The newly released 2002 World Wealth Report created by Merrill Lynch and Cap Gemini Ernst & Young reveals that there was a 3 percent increase in the number of high-net-worth individuals (HNWI) around the globe at the end of 2001, totaling 7.1 million people with a combined worth of $26.2 trillion.
HNWI are qualified by having financial assets of $1 million or more including real estate.
While there was a small rise in the number of HNWI worldwide, it was almost nothing compared to the 6 percent rise of HNWI's in 2000 and a lot less than the 18 percent rise in 1999. The G-7 nations posted a stagnant HNWI growth rate of 1.9 percent.
The news was better in developing countries, however, where the number of HNWI grew by 4.7 percent. Latin America was even luckier this past year with an 8 percent increase in HNWI's wealth that totals $3.5 trillion. Even with the financial woes in Argentina, there was a 12 percent rise in the number of HNWI's and a 0.7 percent increase in the Latin American GDP.
The fact that the number of HNWI grew at all may come as a surprise to some people, considering the events of September 11 and the continuing economic recession in the United States and abroad. "They (HNWI's) had a high proportion of their assets which were invested in dollar denominated asset classes as well as a far higher percentage of their assets invested in fixed income alternative investment products. They therefore didn't get hammered as much by the equity swings downward," said James S. Greene, director of Global Financial Services at Cap Gemini Ernst & Young.
In the U.S. alone, there were 2.1 million HNWI individuals at the end of last year, just slightly higher than the findings in the last report, whose combined wealth grew 1.7 percent to $7.6 trillion. Meanwhile, the wealth of ultra-high-net-worth individuals (UHNWI) in the U.S., individuals who have financial assets over $30 million, also saw a 3 percent increase, to a total net worth of $8.37 trillion. North America's HNWI account for 29 percent of the global HNWI's wealth, second only to Europe in market share size.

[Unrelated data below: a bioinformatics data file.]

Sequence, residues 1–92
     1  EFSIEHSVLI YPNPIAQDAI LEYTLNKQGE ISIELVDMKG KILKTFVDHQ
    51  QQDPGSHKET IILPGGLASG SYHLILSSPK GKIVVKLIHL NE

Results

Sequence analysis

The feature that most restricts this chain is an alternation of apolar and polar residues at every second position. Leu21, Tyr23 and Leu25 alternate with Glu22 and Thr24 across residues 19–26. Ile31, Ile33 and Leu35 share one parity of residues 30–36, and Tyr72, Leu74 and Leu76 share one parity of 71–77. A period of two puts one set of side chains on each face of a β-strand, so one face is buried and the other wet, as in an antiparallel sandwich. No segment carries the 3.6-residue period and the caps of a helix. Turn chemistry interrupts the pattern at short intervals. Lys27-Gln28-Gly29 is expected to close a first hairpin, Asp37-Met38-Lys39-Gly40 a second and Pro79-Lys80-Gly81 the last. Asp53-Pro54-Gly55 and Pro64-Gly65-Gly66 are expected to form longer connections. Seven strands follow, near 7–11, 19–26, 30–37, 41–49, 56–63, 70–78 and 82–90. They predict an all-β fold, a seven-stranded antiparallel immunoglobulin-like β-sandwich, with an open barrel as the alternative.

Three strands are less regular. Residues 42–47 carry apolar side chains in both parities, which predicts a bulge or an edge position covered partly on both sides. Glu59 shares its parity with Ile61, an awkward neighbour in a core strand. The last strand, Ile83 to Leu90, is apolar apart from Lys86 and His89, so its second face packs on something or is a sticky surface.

Both Europe, who holds the largest (32 percent) market share, and the Middle East, who holds the smallest (3.8 percent) market share, experienced no growth in high-net-worth wealth in 2001. A possible cause of this stagnation was the 20 percent decrease of stock market capitalization. While the GDP did increase by 1.7 percent, most of the important stock indices in Europe fell significantly to result in the 20 percent decrease.
Despite a poor showing in 2001, the report predicts an eight percent average growth rate for HNWI over the next five years, with their combined total wealth reaching $38.5 trillion by the end of 2006.
"Going back as far as 20 years there is empirical data that in good times and bad times the HNWI whose principal investment scheme is balance and diversification and protection of capital they enjoy the 6 to 8 to 10 percent growth," said Greene. "We're not surprised that its 3 percent, but we're projecting 8 percent because historically the growth has been between 6 and 10 percent."